KPMP Community Engagement Committee publishes in CJASN

January 5, 2021

Patient engagement is at the core of KPMP. Patients have been involved since the planning stages of the project, setting the inclusion of the patient voice as a priority at the very beginning of KPMP. When the project launched in 2017, the consortium convened a group of patient partners (then known as our Patient Engagement Working Group) to provide advice and patient insight to the project on an ongoing basis. Over the last several years, the group has expanded to include community clinicians, patient care partners, ethicists, along with members of the research team, and is now the Community Engagement Committee (CEC). The recently published article "Integrating Patient Priorities with Science by Community Engagement in the Kidney Precision Medicine Project" summarizes the accomplishments of the CEC, and the importance of integrating the patient voice in research design. Below, members of the CEC provide insight on the paper's importance, and what participation in KPMP means to them.

Catherine Campbell, PhD (Patient partner, Dallas, TX):  "It has been an honor to participate in the Kidney Precision Medicine Project (KPMP) consortium. As a healthcare professional, most importantly, as a Chronic Kidney Disease CKD) patient, contributions have been encouraged leading to empowerment of self-care management. The KPMP consortium has provided insight for medical professionals, beyond research data, with physiological / psychological perceptions of kidney disease patients. The precision medicine project will guide the creation of a kidney atlas. Care and treatment will be individualized learned through kidney tissue samples, not currently available. The KPMP demonstrates benefits for current kidney patients and future prevention of kidney disease.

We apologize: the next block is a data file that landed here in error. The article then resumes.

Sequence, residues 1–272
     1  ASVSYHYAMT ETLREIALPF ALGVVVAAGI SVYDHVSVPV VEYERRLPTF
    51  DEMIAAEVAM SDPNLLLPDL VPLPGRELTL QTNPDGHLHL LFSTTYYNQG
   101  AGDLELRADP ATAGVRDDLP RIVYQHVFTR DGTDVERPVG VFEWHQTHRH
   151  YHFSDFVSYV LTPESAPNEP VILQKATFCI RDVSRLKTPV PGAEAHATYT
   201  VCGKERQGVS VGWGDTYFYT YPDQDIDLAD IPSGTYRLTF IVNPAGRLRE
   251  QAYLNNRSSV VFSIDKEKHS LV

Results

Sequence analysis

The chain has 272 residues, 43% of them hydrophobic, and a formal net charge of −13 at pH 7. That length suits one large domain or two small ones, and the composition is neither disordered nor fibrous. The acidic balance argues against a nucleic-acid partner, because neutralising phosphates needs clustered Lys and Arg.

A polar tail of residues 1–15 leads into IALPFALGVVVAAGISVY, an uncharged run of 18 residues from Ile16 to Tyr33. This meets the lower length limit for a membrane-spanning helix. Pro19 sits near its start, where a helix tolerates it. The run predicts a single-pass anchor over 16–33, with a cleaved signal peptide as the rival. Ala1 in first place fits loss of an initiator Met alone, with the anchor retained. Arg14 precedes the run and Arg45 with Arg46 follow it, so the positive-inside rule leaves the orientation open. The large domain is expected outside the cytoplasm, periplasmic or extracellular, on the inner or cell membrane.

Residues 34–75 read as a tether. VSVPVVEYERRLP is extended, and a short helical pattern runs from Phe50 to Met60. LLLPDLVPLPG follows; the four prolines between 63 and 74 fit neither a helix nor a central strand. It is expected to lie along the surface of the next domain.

Simon Lee, PhD, MPH (Investigator, UT Southwestern):"This is a landmark accounting of stakeholder engagement in clinical kidney science. Hopefully, it will be an encouragement to other NIH funded studies going forward. As a result of vocal contributions of KPMP patient and community advocates, there were tangible results of this collaborative work. Unusual for US clinical research, KPMP purchased no-fault harm insurance to provide compensation for participants who suffer injury or financial loss from KPMP participation in the absence of medical negligence. This reflects both the ethical commitment to minimizing risks and the confidence of the KPMP community in the rigor of the research procedures clinical investigators are undertaking with research patient participants. We all appreciate NIDDK’s support for such stakeholder engagement.

Ian de Boer (Co-Director, KPMP Administrative Core): “KPMP patients are changing the way that medical research is done. This paper lays out a roadmap showing how patients can contribute to and improve all sorts of cutting-edge research.”

Keith Brown (Patient Partner, KPMP Steering Committee member, Post Falls, ID):  "With input and advocacy from patient partners, KPMP has taken unique steps to mitigate potential risks of physical and financial harm to the research participants.  We look forward to seeing future studies build on this new concept of "patients as partners" in scientific research."